Elden Ring’s Endgame Is A Step Too Far


After well over 100 hours in the game, and currently entering the main course of my second playthrough, there are very few things I can say about Elden Ring that you have not seen or heard from the myriad of glowing reviews that make it out as one of the best video games ever made. I believe it deserves all of that acclaim and then some. Elden Ring blew my expectations out of the water.

So yeah, you have probably heard every bit of effusive praise about the vast majority of the game’s immense content. As you can tell by the headline, I am here to talk about the last handful of those hours. Those moments where this masterpiece’s biggest flaws appear, and they appear with the content From Software is best known for: the boss fights.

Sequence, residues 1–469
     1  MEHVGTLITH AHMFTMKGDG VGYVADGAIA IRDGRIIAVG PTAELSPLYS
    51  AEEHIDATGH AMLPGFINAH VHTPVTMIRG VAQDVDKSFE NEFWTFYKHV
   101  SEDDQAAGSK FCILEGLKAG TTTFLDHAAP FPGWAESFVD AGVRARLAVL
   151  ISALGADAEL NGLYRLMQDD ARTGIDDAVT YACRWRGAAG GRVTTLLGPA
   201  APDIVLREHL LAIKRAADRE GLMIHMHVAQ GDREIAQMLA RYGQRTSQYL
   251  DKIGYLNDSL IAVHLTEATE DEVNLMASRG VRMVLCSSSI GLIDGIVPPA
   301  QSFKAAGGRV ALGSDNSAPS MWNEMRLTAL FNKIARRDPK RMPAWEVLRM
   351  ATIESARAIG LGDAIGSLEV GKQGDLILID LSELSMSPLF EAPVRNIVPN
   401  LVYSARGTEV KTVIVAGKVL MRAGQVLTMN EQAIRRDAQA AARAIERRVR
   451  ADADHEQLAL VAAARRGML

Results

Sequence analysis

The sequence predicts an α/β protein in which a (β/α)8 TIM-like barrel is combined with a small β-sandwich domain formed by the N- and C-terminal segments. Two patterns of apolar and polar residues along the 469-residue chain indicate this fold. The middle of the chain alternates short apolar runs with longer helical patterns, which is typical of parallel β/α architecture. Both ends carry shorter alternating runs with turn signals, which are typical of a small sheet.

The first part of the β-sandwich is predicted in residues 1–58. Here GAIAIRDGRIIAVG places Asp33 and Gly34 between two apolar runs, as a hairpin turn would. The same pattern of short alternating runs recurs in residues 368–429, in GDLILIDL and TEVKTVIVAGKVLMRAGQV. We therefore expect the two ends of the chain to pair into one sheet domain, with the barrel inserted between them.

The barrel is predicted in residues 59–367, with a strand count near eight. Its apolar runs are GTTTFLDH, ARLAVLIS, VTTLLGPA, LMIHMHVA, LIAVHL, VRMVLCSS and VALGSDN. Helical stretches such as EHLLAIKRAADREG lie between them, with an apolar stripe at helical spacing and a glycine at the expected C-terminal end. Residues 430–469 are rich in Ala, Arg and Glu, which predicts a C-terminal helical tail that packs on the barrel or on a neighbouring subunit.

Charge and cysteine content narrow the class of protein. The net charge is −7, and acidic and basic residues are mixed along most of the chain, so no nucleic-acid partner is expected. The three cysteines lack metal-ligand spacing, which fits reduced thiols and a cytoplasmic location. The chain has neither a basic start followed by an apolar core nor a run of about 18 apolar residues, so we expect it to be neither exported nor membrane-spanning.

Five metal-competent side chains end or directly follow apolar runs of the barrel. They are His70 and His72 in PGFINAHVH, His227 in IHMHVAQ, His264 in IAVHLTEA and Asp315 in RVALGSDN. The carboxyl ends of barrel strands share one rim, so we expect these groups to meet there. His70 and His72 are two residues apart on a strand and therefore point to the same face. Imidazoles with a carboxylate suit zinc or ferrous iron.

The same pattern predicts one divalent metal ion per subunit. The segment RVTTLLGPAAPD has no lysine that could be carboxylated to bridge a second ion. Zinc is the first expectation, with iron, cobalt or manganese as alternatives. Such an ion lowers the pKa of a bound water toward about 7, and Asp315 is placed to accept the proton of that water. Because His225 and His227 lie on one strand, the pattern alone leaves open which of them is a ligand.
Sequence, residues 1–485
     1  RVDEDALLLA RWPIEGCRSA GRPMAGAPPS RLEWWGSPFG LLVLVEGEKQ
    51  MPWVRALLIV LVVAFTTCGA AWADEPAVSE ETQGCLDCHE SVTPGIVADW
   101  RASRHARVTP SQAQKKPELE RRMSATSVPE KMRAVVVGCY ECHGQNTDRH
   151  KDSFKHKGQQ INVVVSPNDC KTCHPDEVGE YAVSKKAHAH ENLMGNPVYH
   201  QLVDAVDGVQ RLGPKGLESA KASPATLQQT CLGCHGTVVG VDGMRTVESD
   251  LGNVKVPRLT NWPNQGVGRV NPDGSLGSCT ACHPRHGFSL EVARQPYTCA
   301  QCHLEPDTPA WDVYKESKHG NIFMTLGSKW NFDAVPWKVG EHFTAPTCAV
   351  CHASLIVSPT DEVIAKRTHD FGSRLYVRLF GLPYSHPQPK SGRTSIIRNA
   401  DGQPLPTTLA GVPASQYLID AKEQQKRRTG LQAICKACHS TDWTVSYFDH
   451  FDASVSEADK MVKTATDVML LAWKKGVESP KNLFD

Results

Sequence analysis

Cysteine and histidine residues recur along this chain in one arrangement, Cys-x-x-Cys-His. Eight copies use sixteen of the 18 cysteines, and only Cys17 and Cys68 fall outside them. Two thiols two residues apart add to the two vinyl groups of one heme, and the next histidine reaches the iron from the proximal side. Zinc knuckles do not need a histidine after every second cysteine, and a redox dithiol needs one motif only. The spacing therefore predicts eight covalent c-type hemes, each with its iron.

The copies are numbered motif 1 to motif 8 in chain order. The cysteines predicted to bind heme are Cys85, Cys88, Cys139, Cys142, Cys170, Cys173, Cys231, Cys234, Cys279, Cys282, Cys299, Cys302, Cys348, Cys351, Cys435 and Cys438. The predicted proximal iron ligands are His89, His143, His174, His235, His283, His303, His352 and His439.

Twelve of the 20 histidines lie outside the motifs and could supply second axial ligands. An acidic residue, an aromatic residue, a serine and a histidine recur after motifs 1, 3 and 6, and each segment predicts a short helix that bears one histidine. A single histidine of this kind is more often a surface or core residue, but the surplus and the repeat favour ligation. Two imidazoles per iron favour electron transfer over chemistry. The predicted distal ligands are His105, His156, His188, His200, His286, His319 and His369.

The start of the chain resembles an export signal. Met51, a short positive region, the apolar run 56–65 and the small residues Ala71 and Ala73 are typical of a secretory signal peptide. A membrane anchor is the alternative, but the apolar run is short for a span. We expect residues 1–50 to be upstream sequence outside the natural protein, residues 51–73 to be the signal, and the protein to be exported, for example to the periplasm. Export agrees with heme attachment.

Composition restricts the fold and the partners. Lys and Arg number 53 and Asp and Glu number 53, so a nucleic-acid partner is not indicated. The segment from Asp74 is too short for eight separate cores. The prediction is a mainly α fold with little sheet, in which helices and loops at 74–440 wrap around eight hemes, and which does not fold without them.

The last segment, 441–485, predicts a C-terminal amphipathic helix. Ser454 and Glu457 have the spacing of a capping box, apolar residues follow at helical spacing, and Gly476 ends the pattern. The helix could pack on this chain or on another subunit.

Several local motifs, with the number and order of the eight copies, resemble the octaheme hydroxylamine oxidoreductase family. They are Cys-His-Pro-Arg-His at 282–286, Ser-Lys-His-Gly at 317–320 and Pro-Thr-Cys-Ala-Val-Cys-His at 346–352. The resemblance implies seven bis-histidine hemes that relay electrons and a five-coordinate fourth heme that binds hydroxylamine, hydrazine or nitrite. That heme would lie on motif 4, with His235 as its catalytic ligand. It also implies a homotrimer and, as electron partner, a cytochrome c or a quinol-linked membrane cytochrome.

Spoiler warning for any who want to avoid them.

Elden Ring Malekith

Elden Ring’s endgame bosses easily live up to the “Prepare to Die” reputation that Dark Souls made the company famous for. Are they the most difficult? It’s hard for me to definitely say that when something like Sekiro’s Sword Saint Isshin exists. Difficulty, however, is not really my point. Isshin is a monster of a boss fight that took me somewhere around 6 or 7 hours across two days before I could beat it. I still had immense fun through every frustrating death.

Elden Ring’s big problem with its endgame boss fights is not the difficulty, but the reason those fights are difficult. They cross the line from hard but fair to simply overwhelming and cheap. They are designed to punish the vast majority of play styles and funnel players towards a more limited approach. To sum up how these fights go: roll, roll, roll, maybe block once or twice, get one or two attacks in, go back to rolling.